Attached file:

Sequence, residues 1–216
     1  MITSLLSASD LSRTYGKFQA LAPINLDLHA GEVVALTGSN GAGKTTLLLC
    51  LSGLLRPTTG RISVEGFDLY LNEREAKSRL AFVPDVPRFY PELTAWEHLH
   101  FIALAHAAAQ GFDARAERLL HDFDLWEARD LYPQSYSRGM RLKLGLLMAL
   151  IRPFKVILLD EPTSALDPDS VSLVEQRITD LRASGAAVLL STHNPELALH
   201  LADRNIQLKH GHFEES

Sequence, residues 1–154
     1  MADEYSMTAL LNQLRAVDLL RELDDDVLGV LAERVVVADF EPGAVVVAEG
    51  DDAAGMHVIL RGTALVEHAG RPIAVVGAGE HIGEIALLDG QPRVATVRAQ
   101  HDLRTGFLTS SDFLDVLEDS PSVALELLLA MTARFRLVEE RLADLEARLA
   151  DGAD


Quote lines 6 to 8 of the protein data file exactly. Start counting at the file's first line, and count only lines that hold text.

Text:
   201  LADRNIQLKH GHFEES

Sequence, residues 1–154
     1  MADEYSMTAL LNQLRAVDLL RELDDDVLGV LAERVVVADF EPGAVVVAEG